The Norwegian Ministry of Oil and Energy last summer ordered Statnett to stop a planned electricity transmission line from Russia’s Kola Peninsula to Norway via the Pasvik valley. The ministry argued that import of electricity from Russia’s north would prolong the time Kola nuclear power plant (NPP) would keep on running the two oldest reactors.
Norway would better see those elderly reactors closed once and forever.
Statnett, Norway’s state-own company for electricity transmission, was planning a 250-300 MW cross-border line to Skogfoss in the Pasvik valley. Electricity consumption in Finnmark is increasing, while there is a large surplus of electricity on the Kola Peninsula, due to both the four reactors at Kola NPP and the many hydropower plants in the region.
If built, most of the electricity to be imported to Norway via the transmission line would be from the hydropower plants in Russia’s border area. But, it could also be electricity from the nuclear power plant located further south on the Kola Peninsula, since the grid is connected.
Denying import of electricity will not at all speed up the closure of the two oldest reactors at Kola NPP, the regional Duma in Murmansk argues in a letter sent to the Norwegian parliament’s standing committee on Energy and Environment, reports Teknisk Ukeblad.
“The Norwegian Ministry of Oil and Energy and Norwegian environmental organizations makes a mistake when they claim that the two oldest reactors at Kola NPP would be closed earlier if a new transmission line between Finnmark and Kola is postponed,” reads the letter.
The Murmansk Oblast Duma argues that Norway’s decision will make it less attractive to build new and modern capacity as replacement to the oldest reactors, since the nuclear power plant loses a potential buyer. “It makes it much easier and cheaper to prolong the operation of the existing reactors,” the letter reads.
Former speaker in the Duma, Yevgeni Nikora, was working for the Kola NPP before he entered politics.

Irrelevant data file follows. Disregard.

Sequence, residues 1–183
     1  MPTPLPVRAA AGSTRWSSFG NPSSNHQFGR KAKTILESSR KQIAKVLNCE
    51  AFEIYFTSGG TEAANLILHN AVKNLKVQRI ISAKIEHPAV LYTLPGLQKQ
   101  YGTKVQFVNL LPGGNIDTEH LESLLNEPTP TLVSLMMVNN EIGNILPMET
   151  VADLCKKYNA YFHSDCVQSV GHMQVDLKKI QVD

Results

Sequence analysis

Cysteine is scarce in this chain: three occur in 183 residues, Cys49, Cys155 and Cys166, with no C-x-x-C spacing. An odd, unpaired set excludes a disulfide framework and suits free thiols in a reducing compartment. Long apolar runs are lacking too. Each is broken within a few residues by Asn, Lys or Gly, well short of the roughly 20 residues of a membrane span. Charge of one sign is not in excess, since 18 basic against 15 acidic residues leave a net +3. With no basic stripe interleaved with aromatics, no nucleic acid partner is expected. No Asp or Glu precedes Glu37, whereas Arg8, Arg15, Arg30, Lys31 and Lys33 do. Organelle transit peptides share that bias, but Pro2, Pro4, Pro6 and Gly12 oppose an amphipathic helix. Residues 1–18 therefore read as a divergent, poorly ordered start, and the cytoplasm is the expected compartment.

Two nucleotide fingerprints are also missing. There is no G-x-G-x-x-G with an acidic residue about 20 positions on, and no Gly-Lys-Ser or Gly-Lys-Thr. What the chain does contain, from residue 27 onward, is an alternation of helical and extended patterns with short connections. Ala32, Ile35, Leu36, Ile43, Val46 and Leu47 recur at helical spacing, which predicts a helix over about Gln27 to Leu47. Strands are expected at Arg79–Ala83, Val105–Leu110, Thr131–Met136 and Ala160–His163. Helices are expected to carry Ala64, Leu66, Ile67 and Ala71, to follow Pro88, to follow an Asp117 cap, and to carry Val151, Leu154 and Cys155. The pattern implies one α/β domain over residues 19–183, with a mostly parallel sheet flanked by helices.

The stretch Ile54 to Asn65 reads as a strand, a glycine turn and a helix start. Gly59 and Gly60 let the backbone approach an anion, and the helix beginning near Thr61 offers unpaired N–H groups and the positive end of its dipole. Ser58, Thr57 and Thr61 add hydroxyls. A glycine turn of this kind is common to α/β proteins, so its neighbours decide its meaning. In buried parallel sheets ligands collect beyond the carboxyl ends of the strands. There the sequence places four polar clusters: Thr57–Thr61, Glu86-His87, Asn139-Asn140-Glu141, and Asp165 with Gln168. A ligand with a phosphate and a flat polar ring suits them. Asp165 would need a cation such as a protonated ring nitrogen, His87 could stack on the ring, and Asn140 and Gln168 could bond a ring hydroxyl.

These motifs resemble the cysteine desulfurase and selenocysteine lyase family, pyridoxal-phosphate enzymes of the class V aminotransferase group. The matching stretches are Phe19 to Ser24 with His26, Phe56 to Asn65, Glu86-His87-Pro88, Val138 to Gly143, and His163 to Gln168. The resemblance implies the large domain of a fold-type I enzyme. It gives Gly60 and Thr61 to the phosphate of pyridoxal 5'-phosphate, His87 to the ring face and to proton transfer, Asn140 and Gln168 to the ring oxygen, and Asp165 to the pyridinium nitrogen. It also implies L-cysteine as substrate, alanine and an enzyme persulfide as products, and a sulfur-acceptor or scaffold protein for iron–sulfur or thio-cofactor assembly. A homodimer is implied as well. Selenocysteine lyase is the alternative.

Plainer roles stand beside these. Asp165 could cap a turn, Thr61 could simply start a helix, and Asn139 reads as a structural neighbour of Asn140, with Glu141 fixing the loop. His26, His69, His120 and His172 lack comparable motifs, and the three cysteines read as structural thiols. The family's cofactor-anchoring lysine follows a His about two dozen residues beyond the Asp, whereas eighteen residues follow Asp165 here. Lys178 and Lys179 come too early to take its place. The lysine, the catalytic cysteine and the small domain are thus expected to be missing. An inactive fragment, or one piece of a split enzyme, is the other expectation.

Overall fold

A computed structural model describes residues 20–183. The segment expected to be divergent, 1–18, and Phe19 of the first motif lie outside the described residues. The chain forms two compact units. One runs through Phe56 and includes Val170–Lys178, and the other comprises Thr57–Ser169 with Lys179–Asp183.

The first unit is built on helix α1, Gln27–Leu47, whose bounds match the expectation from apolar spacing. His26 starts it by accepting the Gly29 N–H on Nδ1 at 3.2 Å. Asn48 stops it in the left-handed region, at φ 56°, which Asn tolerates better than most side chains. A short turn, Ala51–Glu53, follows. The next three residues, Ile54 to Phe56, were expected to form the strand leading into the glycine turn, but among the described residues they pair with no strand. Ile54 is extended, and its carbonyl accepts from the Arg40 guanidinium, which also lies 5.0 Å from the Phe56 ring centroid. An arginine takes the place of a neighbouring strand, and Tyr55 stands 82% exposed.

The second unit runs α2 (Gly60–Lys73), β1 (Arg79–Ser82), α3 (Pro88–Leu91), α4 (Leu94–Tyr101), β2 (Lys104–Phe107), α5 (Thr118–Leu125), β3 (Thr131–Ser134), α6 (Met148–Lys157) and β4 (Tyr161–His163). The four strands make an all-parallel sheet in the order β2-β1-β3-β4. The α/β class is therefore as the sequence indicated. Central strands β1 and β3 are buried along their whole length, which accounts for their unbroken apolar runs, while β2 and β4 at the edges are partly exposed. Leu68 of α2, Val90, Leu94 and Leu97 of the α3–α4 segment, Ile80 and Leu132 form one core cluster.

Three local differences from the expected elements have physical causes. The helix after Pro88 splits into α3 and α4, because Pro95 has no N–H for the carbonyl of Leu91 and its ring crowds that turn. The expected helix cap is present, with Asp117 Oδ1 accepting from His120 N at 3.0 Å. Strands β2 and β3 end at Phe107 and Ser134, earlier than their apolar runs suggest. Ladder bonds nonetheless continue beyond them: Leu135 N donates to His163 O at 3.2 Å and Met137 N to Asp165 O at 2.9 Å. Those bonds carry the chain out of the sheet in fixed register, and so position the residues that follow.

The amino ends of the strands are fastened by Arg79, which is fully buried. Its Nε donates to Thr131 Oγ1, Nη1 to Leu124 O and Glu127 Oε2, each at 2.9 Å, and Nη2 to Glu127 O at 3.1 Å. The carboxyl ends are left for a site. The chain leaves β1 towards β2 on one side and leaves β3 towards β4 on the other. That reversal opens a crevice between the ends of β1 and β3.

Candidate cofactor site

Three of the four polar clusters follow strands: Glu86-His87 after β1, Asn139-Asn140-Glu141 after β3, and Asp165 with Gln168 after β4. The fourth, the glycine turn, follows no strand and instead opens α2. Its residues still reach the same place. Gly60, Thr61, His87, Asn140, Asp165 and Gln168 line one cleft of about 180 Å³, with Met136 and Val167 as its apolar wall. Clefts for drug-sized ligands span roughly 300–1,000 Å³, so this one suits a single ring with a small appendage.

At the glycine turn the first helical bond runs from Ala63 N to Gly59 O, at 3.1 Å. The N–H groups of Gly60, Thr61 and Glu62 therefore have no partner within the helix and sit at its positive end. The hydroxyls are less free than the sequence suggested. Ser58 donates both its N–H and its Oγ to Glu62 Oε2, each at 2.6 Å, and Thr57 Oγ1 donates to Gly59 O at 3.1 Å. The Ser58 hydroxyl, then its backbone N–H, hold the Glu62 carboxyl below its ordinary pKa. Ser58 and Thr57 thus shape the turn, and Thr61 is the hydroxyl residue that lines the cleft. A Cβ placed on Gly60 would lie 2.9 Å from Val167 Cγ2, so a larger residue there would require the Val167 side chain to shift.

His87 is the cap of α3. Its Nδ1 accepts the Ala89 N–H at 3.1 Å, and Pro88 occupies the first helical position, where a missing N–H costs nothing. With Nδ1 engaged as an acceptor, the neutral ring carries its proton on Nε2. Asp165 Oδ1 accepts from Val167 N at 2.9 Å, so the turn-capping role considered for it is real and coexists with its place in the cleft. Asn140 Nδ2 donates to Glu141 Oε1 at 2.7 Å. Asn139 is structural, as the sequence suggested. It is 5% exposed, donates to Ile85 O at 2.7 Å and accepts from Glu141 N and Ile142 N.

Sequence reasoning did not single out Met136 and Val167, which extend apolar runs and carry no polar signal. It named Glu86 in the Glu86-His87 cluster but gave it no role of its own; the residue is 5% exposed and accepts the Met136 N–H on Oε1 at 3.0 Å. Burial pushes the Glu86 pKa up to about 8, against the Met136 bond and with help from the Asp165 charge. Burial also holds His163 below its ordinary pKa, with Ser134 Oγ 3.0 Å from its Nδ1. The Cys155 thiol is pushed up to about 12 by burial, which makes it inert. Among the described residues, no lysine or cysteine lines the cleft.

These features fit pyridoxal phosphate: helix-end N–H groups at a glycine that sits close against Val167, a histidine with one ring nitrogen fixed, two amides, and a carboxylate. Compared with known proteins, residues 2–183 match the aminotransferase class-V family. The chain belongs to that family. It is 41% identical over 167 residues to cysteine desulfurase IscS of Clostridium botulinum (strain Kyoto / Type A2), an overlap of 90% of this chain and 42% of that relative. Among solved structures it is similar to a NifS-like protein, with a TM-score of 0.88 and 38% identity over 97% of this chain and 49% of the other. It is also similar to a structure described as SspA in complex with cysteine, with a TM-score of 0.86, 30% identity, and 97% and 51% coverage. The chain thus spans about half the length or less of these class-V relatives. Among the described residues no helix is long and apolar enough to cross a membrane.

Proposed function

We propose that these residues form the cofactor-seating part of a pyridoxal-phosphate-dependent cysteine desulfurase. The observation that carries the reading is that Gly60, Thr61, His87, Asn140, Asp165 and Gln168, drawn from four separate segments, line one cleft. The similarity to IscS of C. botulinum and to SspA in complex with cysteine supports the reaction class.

The two reactors in question are first generation Soviet design pressure-water cooled of model VVER-440/230, commissioned in 1973 and 1975. Norway’s, and other European countries’ concern, is the reactors lack of adequate safety systems and lack of a second safety barrier in the form of containment around the reactor.
Head of the Norwegian Barents Secretariat, Rune Rafaelsen, partly agrees with the arguments from the Murmansk regional Duma.
In a Column for BarentsObserver, Rune Rafaelsen writes: “Norway has, furthermore, on moral grounds refused to import electricity from the nuclear power plant on Kola Peninsula, while we import power in the south indirectly from the Leningradskaya nuclear power plant with four Chernobyl reactors!”
Finland imports electricity produced at both Kola nuclear power plant and from Leningrad nuclear power plant. Finland and Norway are connected to the same grid-network for exchange of electricity through the Nordic interregional market.
The Barents Region has some of the last large areas of intact natural woodlands in Europe. Scientists, bureaucrats and environmentalists from all four Barents countries cooperate on preserving the forest, but an international initiative is needed.
August 9th, the Barents Region celebrated the UN International Day of the World’s Indigenous Peoples. The day was commemorated in several parts of the region, including Karasjok in Northern Norway and Teriberka in Northwestern Russia.
During his three years in the Federation Council, Konstantin Dobrynin became a vocal critic of current political trends in Russia. Opponents will sigh of relief as he now exits the legislative assembly.